Saturday, January 19, 2019

AMISTAD (yet again) - Calhoun spoils Van Buren's supper

Some context on President Van Buren, the politics:  first, the president is shown as stumping for re-election--which is foremost his objective (the Amistad case is more an annoyance); second, the nation is ebbing closer to war--not actually on the specific issue of slavery, but over increasing intrusion into the southern, agrarian economy in the form of tariffs and other means, methods.  Study the progressive Federal tariffs levied on imports/exports and the particular, adverse impact on southern commerce, economy. 

In this scene, John Calhoun (prior Vice President under John Quincy Adams) arrives at the President's banquet. His appearance is bemoaned by Van Buren because Calhoun is a staunch figure of state's rights and seemingly is threatening a further breach of regional relations, perhaps the gravity of the Amistad case but more so the tensions that have been growing from some years now  (as described above).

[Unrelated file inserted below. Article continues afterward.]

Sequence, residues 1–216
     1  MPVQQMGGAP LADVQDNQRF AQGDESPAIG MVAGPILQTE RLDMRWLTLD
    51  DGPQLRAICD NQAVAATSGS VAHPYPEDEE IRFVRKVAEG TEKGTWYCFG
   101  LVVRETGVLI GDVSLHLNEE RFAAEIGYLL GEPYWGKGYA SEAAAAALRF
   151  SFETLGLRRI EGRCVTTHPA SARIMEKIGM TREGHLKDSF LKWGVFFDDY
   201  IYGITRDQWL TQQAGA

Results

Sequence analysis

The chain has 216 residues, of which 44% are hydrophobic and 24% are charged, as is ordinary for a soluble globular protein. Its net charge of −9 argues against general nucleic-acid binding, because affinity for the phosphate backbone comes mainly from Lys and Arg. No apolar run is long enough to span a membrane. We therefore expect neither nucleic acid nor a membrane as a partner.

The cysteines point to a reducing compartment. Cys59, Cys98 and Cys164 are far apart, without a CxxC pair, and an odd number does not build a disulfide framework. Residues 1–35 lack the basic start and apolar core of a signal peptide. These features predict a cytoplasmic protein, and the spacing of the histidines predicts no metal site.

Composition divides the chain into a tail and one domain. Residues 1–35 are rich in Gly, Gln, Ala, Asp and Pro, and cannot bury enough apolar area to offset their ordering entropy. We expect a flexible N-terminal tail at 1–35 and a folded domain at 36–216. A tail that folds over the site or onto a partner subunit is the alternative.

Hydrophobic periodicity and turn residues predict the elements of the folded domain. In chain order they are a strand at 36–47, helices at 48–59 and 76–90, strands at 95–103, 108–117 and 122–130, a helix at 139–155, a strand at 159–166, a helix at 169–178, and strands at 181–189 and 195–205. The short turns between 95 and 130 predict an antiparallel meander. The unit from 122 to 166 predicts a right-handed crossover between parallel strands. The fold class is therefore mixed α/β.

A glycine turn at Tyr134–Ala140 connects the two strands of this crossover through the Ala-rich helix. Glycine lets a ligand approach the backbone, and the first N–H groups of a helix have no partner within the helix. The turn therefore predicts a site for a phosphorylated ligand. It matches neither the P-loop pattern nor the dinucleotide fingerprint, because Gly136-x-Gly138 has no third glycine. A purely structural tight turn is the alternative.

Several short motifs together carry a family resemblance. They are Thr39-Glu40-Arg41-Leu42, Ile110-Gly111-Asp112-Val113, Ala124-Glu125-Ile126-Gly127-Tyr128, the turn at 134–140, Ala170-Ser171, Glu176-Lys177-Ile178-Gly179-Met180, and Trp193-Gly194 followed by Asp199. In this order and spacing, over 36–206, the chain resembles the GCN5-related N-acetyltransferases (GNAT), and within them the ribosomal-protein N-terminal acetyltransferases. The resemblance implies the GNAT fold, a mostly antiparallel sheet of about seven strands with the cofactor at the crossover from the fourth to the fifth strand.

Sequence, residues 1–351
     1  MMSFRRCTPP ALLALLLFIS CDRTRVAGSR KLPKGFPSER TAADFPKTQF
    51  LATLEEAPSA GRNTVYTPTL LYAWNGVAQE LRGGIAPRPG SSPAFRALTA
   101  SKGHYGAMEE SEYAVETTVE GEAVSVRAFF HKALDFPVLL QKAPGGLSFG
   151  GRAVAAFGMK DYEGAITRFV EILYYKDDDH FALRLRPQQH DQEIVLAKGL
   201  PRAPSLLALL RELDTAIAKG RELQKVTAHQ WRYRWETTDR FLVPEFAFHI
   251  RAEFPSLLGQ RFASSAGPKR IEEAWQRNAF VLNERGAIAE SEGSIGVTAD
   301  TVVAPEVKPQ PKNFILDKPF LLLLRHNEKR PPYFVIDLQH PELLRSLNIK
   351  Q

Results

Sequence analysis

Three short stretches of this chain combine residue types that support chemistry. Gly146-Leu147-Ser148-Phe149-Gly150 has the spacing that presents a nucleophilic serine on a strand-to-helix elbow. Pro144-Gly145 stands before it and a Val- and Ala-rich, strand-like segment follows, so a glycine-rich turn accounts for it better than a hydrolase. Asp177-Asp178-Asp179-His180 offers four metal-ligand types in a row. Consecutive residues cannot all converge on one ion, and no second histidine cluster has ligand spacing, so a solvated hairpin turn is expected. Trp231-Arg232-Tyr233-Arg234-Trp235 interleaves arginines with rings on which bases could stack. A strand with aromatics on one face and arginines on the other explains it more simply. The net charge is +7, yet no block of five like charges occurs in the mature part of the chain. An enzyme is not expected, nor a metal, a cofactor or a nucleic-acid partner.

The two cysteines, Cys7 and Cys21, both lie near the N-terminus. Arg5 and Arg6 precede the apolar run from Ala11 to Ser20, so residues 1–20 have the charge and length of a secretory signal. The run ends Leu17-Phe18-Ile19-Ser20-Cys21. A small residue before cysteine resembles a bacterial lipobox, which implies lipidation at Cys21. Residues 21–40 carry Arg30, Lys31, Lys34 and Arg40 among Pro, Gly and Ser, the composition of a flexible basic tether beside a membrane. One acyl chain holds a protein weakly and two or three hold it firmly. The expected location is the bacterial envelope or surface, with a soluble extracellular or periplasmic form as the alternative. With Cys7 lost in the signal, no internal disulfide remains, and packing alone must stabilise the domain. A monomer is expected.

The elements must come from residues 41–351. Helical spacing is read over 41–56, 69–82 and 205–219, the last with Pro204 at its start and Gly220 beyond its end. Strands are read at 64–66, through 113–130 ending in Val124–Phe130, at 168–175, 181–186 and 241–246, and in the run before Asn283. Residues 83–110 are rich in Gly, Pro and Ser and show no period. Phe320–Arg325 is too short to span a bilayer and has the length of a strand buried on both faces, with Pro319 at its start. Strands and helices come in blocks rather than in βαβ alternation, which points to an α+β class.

I do not know if this event or Calhoun's described/depicted position is historical (this particular aspect of the story could be hyperbolic). The film does, by admission, stray from actual historical record. I do know that this moral issue could not have been the cause of the war: the state is amoral and thus is incapable of considering a moral grievance as a cause of contention, conflict. 

Here (link below), Calhoun shakes up the supper.

John Calhoun of SC

Human slavery is assuredly egregious, but in this scene, Calhoun is referring more to the economic plight of southern states under growing control(s) of the northern region in general and the Federal Government in particular.  While the south represented the predominance of slavery, as a percentage of the population, these persons of color were treated little if any better in the northern regions. Again, the morality of the matter was not the real point of derision, division, but finally, where the power will reside 

The state (politics) is renown for its use (abuse) of moral issues, tapping into the hearts of individuals who are indeed able to sense and suffer sin.  They (the state) will appear earnest in the appeals of morality but only as a means or method to achieve their only true interest or end, power.  Once (or as) this agenda is acknowledged, persons are able to accept that government's good intentions are merely the prelude for power. . 

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